SONG OF SEDNA, by Robert San Souci, illustrated by Daniel San Souci, Bantam Doubleday Books for Young Readers, New York: 1981. 27 pages, paperback, ISBN 0-440-40948-9
All the circumpolar Arctic peoples were entirely dependent for survival in the harsh environment on sea mammals: seals, walruses, narwhals, and whales. Few plants, and no woody ones, no trees, grow above the Arctic circle. Driftwood and usable stone are rare. Bone and sinew were the most important animal parts for the tools of survival. For light, warmth in winter homes, and very small amounts of cooking, sea mammal fats in stone dishes with moss wicks were used. Sinew and hide formed most clothing, and the hulls of the one-man Kayaks from which sealing and fishing was done during the few months of the year that were always daylight and (from April to August) ice breakup occurred and some water was open. For both summer kayak or winter ice hunts, waterproof overgarments of animal intestines were a necessity.
Thus the sea mammals were the basic necessity of life for the people of the Arctic, who call themselves Inuit, the largest group (Inupiat, Inuvaluit, Yupik, Aleut are other self-names). It means the same as the self-names of just about all Native tribes: "we, the people." "Eskimo" (what the San Soucis call the people of their story) was a pejorative name meaning "raw meat eaters" applied by Natives of the sub-Arctic.
For all the Arctic peoples there is a story like the one of Sedna (this one comes from Greenland) that the San Soucis have travestied. Some aspects differ: the girl is sometimes an orphan thrown callously overboard to lighten a load, for example. What is common to all stories is the betrayal by close kin, the murder, by throwing the girl into the frigid waters. And by chopping her fingers off, first at the topmost joints, as she clings to the edge of the craft trying to save herself from a death that is certain, by hypothermia, within three minutes. As she tries again to cling with bloody part-hands, her father, relatives, fellow villagers, mother chop off the finger-stumps down to the knuckles, and she sinks to bottom of the sea.
The bloody finger fragments become the sea mammals on which the people depend for every aspect of life and survival. Her cold, dead, but animated body beneath the sea is their controller. She is the controlling spirit of these sea mammals, the most powerful and dreaded of the entire Arctic pantheon of spirits and deities (most of whom are hostile or at least malicious).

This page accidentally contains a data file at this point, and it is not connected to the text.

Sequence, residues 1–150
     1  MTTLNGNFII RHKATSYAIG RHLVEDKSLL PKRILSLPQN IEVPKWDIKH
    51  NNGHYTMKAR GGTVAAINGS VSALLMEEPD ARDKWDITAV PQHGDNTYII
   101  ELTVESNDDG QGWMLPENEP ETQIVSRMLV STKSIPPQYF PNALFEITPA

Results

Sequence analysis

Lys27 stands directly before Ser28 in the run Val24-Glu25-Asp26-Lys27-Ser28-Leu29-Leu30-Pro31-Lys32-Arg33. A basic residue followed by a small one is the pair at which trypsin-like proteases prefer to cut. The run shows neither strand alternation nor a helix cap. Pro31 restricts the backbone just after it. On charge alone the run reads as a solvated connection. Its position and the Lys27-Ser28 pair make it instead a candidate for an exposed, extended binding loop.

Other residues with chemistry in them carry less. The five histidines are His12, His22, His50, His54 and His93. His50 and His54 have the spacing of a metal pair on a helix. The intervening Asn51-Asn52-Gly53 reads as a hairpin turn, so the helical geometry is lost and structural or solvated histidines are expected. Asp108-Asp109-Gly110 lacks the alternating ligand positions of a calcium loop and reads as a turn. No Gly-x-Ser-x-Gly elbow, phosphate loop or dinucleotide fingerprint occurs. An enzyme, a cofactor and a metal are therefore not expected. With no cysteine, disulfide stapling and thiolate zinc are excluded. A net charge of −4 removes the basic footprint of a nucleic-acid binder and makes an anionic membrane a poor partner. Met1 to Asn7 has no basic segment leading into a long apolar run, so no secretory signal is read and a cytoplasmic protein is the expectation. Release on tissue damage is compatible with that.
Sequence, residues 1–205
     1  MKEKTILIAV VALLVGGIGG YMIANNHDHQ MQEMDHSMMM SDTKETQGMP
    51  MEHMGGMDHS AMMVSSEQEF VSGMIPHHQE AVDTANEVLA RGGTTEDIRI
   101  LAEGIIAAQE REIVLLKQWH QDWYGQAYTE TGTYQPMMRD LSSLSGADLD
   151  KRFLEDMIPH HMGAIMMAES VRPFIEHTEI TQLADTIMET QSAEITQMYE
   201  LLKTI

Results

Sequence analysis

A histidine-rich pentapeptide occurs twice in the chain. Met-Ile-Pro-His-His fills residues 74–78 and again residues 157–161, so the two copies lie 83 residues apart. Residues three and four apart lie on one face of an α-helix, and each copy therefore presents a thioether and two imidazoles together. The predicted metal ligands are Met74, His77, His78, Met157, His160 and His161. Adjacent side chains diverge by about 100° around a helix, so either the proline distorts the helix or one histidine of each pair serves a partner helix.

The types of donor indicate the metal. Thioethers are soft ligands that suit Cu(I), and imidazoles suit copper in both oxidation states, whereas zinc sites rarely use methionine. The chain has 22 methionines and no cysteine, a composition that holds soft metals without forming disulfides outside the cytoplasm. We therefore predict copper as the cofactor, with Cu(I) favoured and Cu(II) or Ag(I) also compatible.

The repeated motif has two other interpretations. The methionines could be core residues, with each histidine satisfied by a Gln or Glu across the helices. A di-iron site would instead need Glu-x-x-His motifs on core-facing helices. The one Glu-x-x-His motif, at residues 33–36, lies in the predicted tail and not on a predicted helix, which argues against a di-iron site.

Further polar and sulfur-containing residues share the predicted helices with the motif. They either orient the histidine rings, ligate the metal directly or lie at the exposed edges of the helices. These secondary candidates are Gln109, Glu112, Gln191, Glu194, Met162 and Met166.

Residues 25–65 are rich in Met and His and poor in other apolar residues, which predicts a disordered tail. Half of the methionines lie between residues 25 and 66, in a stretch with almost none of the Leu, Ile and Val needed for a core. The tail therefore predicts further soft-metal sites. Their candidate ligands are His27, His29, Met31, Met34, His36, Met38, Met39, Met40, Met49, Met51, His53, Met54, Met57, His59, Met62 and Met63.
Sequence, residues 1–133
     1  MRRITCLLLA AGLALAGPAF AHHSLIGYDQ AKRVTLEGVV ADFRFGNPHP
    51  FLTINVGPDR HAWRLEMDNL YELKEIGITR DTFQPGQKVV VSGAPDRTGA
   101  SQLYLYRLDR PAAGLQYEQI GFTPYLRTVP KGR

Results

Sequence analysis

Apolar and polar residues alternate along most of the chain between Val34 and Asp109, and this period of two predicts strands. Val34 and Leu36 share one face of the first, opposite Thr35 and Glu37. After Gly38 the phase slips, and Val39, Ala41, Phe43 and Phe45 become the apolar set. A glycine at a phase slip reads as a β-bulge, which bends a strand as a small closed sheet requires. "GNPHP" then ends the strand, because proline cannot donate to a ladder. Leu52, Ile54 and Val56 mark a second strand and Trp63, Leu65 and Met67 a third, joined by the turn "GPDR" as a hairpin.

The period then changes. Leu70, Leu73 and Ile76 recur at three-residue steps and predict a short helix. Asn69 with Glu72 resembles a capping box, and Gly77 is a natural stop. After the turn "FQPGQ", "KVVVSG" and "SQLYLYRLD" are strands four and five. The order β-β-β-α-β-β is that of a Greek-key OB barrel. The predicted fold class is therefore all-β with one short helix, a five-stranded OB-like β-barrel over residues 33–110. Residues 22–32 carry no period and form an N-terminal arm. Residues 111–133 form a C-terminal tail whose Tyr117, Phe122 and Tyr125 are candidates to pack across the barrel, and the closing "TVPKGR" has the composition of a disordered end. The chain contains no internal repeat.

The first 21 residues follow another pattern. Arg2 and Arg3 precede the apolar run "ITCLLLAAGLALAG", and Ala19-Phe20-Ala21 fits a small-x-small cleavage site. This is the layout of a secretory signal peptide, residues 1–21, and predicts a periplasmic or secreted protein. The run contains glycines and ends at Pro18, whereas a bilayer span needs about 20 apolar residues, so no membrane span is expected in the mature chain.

She hates all of humankind, the people who betrayed and murdered her. She wants revenge. She wants the death of all humanity. When this desire becomes strong, when she remembers what they did to her, she sends away her former bloody finger-joints, and the people starve, freeze. Their only hope, then, is that an angkok, a man of spiritual power (these fellows weren't very nice either) will send his spirit underwater and cause the woman to relent. In some versions he does this by killing a variety of monsters that are her underwater companions. In more gruesome versions, she is plagued by small undersea crustaceans, eating her cold, dead flesh. Because of her clubbed, fingerless hands, she cannot pluck them off herself. The Angkok plucks these things off her and saves her from the intolerable pain and fear of their eatings. In temporary gratitude, she may bring back her sea mammals, and the people may survive. Or she may not and they may not. Small winter camps of the dead were sometimes later found: all starved.
Surviving marginally in the harshest environment human beings have been able to inhabit, the people did not see the forces of nature -- arbitrary, uncontrollable and dangerous -- as in any respect kindly or benevolent. There was no formal worship; spirits were feared and propitiated. Stories for entertainment featured lots of bloody violence, often for reasons that seem humanly as arbitrary as the potentially fatal forces of nature seemed.